Published: December 5, 2018

North Catholic students show off their latest robot



Caleb HarshbergerEagle Staff Writer

CRANBERRY TWP — Residents of the Sherwood Oaks retirement community saw the latest in robotics from North Catholic High School Thursday after more than a dozen members of the school's robotics club visited, presented their creation and answered questions as to how they made it.

The robot, Koby, was built and programmed to place boxes in select areas to score points in a game. This year, Koby and the North Catholic team went all the way to the national championships in Detroit.

The presentation started with a video of the robot competing with others to score the most points by placing boxes in the correct areas, demonstrating the robot's abilities.

“We put a lot of time and effort into this robot,” said Thomas Franco, a junior, recounting the many trials the students experienced along the way.

“We had six weeks to build it, and (during) the last week (realized) our previous design wasn't going to work,” Thomas said. “So, we had to go back to the drawing board and come up with a new design.”

In three days, they redesigned and rebuilt the robot, but their struggles weren't over. The robot was inadvertently “destroyed” during a practice session.

With just a few days left, the team rebuilt it during a marathon session at the school that stretched from 3 p.m. to midnight.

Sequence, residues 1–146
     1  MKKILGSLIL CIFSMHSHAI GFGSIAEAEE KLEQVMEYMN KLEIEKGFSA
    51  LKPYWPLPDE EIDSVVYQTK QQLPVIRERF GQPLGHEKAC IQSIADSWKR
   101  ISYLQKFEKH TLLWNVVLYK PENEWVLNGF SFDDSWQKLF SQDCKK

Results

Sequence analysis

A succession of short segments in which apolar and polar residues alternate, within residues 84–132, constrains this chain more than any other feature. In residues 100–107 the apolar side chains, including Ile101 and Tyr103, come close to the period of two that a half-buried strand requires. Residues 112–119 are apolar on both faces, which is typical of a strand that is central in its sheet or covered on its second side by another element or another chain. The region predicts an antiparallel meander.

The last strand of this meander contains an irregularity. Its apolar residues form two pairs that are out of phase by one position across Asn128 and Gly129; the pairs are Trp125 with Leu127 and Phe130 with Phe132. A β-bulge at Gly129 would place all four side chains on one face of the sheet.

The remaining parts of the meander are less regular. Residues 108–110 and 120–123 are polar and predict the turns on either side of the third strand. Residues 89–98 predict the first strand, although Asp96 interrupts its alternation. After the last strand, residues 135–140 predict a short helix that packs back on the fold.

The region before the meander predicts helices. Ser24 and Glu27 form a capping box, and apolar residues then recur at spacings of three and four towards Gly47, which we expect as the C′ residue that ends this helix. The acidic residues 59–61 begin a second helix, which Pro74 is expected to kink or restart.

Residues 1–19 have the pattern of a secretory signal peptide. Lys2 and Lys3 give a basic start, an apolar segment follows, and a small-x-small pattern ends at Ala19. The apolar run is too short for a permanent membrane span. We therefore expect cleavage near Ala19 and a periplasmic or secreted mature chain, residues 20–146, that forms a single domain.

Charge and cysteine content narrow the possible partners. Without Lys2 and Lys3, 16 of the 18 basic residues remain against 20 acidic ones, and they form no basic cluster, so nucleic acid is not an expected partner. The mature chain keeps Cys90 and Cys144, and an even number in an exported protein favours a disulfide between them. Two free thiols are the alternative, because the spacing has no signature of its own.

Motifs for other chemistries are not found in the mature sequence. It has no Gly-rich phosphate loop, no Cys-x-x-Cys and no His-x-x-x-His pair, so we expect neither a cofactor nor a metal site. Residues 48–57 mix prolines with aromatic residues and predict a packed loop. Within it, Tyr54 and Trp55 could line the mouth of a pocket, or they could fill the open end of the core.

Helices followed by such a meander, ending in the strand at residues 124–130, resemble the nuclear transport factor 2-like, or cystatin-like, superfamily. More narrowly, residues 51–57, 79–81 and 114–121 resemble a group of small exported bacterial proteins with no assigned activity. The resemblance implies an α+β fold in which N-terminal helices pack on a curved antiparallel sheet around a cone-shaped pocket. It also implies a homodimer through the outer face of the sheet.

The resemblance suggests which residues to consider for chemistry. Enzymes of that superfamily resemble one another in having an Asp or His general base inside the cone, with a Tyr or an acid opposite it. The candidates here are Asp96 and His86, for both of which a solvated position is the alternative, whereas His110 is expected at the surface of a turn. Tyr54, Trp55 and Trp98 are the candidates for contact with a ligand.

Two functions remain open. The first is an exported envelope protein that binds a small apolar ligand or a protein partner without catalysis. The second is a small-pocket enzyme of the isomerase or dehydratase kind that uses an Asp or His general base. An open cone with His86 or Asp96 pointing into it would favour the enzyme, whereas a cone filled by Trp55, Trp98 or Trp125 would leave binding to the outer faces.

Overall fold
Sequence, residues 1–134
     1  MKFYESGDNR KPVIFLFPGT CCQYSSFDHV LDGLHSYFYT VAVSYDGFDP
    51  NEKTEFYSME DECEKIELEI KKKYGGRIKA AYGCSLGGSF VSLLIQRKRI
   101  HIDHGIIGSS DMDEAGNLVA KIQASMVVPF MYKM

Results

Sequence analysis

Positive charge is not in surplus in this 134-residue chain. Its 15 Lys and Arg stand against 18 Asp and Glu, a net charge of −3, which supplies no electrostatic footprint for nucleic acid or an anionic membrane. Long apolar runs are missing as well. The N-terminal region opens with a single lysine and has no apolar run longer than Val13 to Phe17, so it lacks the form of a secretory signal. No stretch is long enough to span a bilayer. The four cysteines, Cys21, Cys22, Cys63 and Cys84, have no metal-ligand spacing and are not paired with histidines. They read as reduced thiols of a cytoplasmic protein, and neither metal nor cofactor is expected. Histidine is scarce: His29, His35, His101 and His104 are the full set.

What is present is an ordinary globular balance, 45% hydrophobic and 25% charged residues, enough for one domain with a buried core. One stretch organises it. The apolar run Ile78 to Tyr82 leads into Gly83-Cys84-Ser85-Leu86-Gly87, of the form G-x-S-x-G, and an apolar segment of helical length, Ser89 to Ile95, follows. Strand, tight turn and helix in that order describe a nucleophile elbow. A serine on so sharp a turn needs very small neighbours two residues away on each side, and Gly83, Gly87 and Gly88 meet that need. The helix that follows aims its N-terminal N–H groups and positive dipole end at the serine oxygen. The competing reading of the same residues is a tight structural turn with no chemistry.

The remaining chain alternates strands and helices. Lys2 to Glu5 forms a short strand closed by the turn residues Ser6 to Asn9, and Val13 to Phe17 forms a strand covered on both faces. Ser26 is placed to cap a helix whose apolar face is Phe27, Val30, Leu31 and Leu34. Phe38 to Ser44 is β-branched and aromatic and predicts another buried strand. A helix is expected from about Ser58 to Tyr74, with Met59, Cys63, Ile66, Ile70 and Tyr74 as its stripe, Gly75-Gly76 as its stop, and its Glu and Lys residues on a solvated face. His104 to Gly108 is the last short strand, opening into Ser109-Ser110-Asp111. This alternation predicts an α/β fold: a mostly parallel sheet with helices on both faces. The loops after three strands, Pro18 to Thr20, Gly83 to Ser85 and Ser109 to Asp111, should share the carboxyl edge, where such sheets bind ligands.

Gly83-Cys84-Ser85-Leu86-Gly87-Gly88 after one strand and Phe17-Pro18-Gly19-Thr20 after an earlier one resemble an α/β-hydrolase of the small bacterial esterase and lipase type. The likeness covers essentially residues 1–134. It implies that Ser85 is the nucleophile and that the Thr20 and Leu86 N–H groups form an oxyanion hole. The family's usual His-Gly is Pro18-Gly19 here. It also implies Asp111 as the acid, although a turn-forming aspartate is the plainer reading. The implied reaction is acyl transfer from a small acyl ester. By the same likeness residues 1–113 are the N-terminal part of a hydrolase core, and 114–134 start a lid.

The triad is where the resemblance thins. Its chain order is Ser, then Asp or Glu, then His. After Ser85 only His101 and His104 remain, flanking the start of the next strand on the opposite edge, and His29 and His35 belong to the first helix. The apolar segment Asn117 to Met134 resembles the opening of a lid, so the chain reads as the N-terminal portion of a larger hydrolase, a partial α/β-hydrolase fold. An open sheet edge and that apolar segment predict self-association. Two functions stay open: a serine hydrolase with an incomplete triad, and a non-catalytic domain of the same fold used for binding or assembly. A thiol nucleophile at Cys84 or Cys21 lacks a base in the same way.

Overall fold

Students then shared their personal experiences of being on the team, with many emphasizing how much they learned about working with others and building friendships and partnerships.

“The best part of robotics by far is the friendships we've made together,” said Peyton Jones, a sophomore.

Peyton said as a part of the robotics club, he has had the chance to develop leadership and communication skills, while getting hands-on experience in science and engineering.

Other students echoed this sentiment, saying that the club helped them to overcome social difficulties in school.

“When I went to join robotics, all I thought it would do is teach me to build a robot,” Ryan Dietrich said. “When I joined, I learned different social skills.”

The club also hopes to raise awareness about robotics programs in schools and help other schools give their students a chance to engage with robotics.

After the presentation, students held a question-and-answer session in which residents asked them about everything from their obstacles and learning about new technology to what it was like working in a group on such a complicated project.

The team ended the presentation with a demonstration, giving residents a chance to operate the robot and showing them how to use the controller to throw a ball from the bucket.

Sherwood Oaks resident Betty Tolbert got a chance to try it out, using the controller to swing Koby around and launch an inflated rubber ball from its basket.

“This was fun,” Tolbert said later. “I just loved it. I loved it all.”